The most exciting part of this is that it adds another dimension to what we do,” said Brian Daniel, CEO of Pfizer South Africa. “We are striving to give as many people access to our medicines and help reach our full potential as a nation. We want to reach physicians, nurses and pharmacists with this book, to educate and build relationships by offering educational opportunities. This book adds a totally different dimension by reaching out to people on how to take medicines. With the high rate of illiteracy in these areas pamphlets just don’t work.

Dr. Edward Hill, Chair of Council, WMA, said: ‘More than ever it is necessary to do research, with, in and – most important – for poor populations. I applaud the production of the speaking book, because it means paying more attention to the poorer communities of this world instead of abandoning them or just ignoring their needs.’

Dr. Kgosi Letlape, Chair of the South African Medical Association, said: ‘Animation and cartoons help to break down the barriers of communication and most people feel comfortable with educational material presented in this form. If you cannot understand the words, you can get the meaning from the pictures as well as listening to the book.

They (Speaking Books) are especially good for a person who can’t read at all, but who need some confirmation in a printed form that what a caregiver is telling him is true. Here is a book that talks to you – so you don’t have to read to know you have “seen it in writing”. I only wish I had more money for each project. I would like to see SADAG training and Speaking Books going to each of my grantees, and I will work on it for next year
Thanks so much for all you do. It’s great to have such a group like SADAG doing this type of work at this time in South Africa. It has definitely made a difference in the areas I am working.
Chalone Savant 
USAID HIV/AIDS Community Grants Coordinator US Consulate General Durban South Africa

Hi Brian,
I have just returned from Liberia and the speaking book distribution is scaling up with teachers and community health volunteers. They love it and so do the ministry of health. We are just establishing monitoring criteria for the book and other IEC activities so that we can measure the usage etc.
I look forward to seeing the next one. I am sure we buy some more for Liberia shortly.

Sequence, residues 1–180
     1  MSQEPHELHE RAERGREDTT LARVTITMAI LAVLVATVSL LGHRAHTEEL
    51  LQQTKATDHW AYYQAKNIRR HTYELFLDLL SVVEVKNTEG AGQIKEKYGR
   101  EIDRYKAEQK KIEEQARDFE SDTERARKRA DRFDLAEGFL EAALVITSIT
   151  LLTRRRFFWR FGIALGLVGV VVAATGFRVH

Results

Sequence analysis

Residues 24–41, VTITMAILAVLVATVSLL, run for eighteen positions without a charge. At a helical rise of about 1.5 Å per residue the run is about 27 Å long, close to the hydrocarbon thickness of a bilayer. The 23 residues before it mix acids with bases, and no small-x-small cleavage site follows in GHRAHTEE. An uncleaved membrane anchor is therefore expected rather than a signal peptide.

Best Regards
Richard Allan
Director – The Mentor Initiative (Malaria)

When finances are limited and literacy poor, the Speaking book provides an inexpensive way to disseminate valuable information at low costJohns Hopkins Media/Materials Clearinghouse

We were especially excited with the Speaking Books on Living with HIV and AIDS and Depression. We had excellent feedback from our HBCW (home based care workers) about how well received they were in the communities. We will probably order more sets in the new financial year, as a tool they have worked well.Dr IM Sibeko, SA Department of Health, Head of Department

I was delighted when Zane and Elizabeth invited me to ‘man’ the SADAG stand with Elizabeth on the Tuesday of the 3 day congress. The interest in the speaking books was quite overwhelming and emphasized to me, just how valuable these tools can be in so many care-giving arenas.
Our stand was visited by Primary Healthcare, Nurse Educators and policy-makers alike. The Nurse Educators were particularly interested in the ‘safe use of medicine’ as well as the ‘what it means to be part of a clinical trial’. Across the board all delegates wanted ‘Living with HIV does not mean living depression’ as well as the teen suicide book. Of course, so many suggested that it would be so beneficial to take these books to the schools to facilitate dialogue.I feel Pfizer as a sponsor of such a unique tool was seen and appreciated as a company that invests in the SA community. Many thanks to Zane and Elizabeth for the opportunity. Dale Joynt Patient Advocacy Manager, Pfizer SA